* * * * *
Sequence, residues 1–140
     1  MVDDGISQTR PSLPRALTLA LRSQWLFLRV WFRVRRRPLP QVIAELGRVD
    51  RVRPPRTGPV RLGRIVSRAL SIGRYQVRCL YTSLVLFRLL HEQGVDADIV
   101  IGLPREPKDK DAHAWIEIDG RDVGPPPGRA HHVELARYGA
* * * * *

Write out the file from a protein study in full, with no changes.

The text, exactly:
Sequence, residues 1–140
     1  MVDDGISQTR PSLPRALTLA LRSQWLFLRV WFRVRRRPLP QVIAELGRVD
    51  RVRPPRTGPV RLGRIVSRAL SIGRYQVRCL YTSLVLFRLL HEQGVDADIV
   101  IGLPREPKDK DAHAWIEIDG RDVGPPPGRA HHVELARYGA